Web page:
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The Sensitivity of Primary School Enrollment to the Costs of Post-Primary Schooling in Rural Pakistan: A Gender Perspective

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  • Gautam Hazarika

Abstract

This paper examines gender differences in the sensitivity of primary school enrollment to the costs of post-primary schooling in rural Pakistan. Of all measures of the costs of schooling, only distance from primary school is found to be a statistically significant determinant of female primary school enrollment. In contrast, of all measures of the costs of schooling, only distance from middle school is a statistically significant determinant of male primary school enrollment. This has the policy implication that, of measures to ease school supply constraints, improving access to primary schools, not post-primary schools, will reduce the present gender imbalance in rural Pakistani primary school enrollment.

Suggested Citation

  • Gautam Hazarika, 2001. "The Sensitivity of Primary School Enrollment to the Costs of Post-Primary Schooling in Rural Pakistan: A Gender Perspective," Education Economics, Taylor & Francis Journals, vol. 9(3), pages 237-244.
  • Handle: RePEc:taf:edecon:v:9:y:2001:i:3:p:237-244
    DOI: 10.1080/09645290110086117
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    References listed on IDEAS

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    1. Lavy, Victor, 1996. "School supply constraints and children's educational outcomes in rural Ghana," Journal of Development Economics, Elsevier, vol. 51(2), pages 291-314, December.
    2. Hanushek, E.A. & Lavy, V., 1993. "Dropping Out of school: Further Evidence on the Role of School Quality in Developing Countries," RCER Working Papers 345, University of Rochester - Center for Economic Research (RCER).
    3. Alderman, Harold, et al, 1996. "The Returns to Endogenous Human Capital in Pakistan's Rural Wage Labour Market," Oxford Bulletin of Economics and Statistics, Department of Economics, University of Oxford, vol. 58(1), pages 29-55, February.
    4. Harold Alderman & Jere R. Behrman & David R. Ross & Richard Sabot, 1996. "Decomposing the Gender Gap in Cognitive Skills in a Poor Rural Economy," Journal of Human Resources, University of Wisconsin Press, vol. 31(1), pages 229-254.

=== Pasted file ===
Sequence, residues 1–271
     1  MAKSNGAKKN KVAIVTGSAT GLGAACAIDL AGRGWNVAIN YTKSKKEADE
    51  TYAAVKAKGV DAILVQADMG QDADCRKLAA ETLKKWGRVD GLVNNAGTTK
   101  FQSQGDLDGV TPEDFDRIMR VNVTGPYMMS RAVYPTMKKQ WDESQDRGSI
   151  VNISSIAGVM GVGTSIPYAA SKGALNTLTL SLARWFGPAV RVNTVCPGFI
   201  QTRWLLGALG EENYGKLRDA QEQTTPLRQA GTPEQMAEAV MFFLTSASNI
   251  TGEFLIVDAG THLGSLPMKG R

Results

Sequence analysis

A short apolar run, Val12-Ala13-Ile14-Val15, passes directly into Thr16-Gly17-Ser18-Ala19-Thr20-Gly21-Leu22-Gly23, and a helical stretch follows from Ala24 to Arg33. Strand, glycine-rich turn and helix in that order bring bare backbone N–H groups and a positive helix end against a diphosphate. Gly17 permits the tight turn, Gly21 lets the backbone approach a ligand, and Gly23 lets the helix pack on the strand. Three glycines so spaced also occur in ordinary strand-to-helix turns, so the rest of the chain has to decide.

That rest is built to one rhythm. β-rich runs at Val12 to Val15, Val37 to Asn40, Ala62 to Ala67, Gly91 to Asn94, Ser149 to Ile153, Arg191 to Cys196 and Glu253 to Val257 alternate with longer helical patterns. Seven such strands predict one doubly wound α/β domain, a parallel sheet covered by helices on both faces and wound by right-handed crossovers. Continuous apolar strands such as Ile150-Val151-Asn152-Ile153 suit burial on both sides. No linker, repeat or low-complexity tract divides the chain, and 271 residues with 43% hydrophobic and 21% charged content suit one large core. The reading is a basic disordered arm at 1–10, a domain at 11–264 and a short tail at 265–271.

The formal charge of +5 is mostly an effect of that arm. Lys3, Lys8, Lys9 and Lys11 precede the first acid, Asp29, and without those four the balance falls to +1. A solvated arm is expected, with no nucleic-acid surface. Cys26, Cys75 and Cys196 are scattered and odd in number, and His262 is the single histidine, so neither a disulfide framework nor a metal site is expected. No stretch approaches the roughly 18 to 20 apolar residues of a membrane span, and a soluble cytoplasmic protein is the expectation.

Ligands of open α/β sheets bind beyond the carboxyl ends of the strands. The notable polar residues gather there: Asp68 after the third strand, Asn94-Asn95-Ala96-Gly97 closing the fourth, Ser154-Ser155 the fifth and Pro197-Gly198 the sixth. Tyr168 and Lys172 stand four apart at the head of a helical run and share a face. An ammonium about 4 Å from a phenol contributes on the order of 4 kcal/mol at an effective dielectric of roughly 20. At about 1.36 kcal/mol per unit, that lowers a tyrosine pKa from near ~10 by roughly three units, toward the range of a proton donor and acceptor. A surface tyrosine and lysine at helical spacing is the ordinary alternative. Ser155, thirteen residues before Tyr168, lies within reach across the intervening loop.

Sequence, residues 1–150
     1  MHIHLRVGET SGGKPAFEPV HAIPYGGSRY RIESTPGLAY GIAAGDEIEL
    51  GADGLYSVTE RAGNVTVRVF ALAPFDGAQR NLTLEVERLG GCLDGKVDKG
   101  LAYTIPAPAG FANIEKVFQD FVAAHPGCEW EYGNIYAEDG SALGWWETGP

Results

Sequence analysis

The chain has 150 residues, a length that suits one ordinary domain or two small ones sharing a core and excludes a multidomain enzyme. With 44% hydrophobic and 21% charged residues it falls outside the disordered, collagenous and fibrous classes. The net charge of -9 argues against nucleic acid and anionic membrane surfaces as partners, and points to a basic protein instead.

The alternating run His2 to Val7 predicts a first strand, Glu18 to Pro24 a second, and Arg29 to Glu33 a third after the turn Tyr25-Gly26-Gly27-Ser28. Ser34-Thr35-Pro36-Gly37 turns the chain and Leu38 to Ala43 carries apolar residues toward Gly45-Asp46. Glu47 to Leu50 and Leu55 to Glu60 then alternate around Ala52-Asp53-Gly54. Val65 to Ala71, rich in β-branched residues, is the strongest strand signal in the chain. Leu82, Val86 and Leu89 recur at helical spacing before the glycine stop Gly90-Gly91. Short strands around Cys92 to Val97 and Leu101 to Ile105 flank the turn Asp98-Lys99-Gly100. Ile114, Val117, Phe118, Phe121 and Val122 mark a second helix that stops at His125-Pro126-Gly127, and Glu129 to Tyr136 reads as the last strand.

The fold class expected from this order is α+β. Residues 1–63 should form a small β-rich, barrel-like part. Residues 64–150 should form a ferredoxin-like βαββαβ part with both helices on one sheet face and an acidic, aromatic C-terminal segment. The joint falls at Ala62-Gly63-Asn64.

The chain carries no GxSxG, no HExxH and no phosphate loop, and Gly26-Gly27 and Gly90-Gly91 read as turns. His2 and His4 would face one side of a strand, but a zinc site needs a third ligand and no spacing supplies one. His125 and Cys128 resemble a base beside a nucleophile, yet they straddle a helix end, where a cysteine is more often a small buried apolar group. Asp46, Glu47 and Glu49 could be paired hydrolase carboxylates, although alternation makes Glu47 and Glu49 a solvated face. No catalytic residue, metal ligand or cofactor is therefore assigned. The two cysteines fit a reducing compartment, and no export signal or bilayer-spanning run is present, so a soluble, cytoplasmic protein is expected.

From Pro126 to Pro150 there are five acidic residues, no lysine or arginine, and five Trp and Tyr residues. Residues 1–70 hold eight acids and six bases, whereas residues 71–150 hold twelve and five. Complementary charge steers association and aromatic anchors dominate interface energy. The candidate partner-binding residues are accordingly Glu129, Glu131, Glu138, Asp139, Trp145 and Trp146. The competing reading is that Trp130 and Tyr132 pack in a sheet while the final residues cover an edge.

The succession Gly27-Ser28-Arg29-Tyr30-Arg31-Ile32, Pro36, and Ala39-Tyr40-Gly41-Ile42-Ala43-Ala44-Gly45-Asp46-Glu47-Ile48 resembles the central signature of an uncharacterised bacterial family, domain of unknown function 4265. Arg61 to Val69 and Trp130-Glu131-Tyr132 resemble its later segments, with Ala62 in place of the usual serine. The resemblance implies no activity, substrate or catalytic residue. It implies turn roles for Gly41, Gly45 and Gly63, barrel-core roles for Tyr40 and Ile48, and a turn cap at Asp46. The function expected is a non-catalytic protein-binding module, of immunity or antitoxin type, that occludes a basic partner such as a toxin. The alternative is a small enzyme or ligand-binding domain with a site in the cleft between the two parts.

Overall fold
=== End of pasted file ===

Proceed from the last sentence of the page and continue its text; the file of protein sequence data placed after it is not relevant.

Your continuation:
5. Zeba A. Sathar & Cynthia B. Lloyd, 1994. "Who Gets Primary Schooling in Pakistan: Inequalities among and within Families," The Pakistan Development Review, Pakistan Institute of Development Economics, vol. 33(2), pages 103-134.
    6. Javed Ashraf & Birjees Ashraf, 1993. "An Analysis of the Male-Female Earnings Differential in Pakistan," The Pakistan Development Review, Pakistan Institute of Development Economics, vol. 32(4), pages 895-904.
    7. Appleton, Simon & Hoddinott, John & Knight, John, 1996. "Primary Education as an Input into Post-primary Education: A Neglected Benefit," Oxford Bulletin of Economics and Statistics, Department of Economics, University of Oxford, vol. 58(1), pages 211-219, February.
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    Cited by:

    1. Shafiq, M. Najeeb, 2007. "Household schooling and child labor decisions in rural Bangladesh," Journal of Asian Economics, Elsevier, vol. 18(6), pages 946-966, December.
    2. Lloyd, Cynthia B. & Mete, Cem & Grant, Monica J., 2009. "The implications of changing educational and family circumstances for children's grade progression in rural Pakistan: 1997-2004," Economics of Education Review, Elsevier, vol. 28(1), pages 152-160, February.
    3. Mukhopadhyay, Abhiroop & Sahoo, Soham, 2016. "Does access to secondary education affect primary schooling? Evidence from India," Economics of Education Review, Elsevier, vol. 54(C), pages 124-142.
    4. Glick, Peter, 2008. "What Policies will Reduce Gender Schooling Gaps in Developing Countries: Evidence and Interpretation," World Development, Elsevier, vol. 36(9), pages 1623-1646, September.

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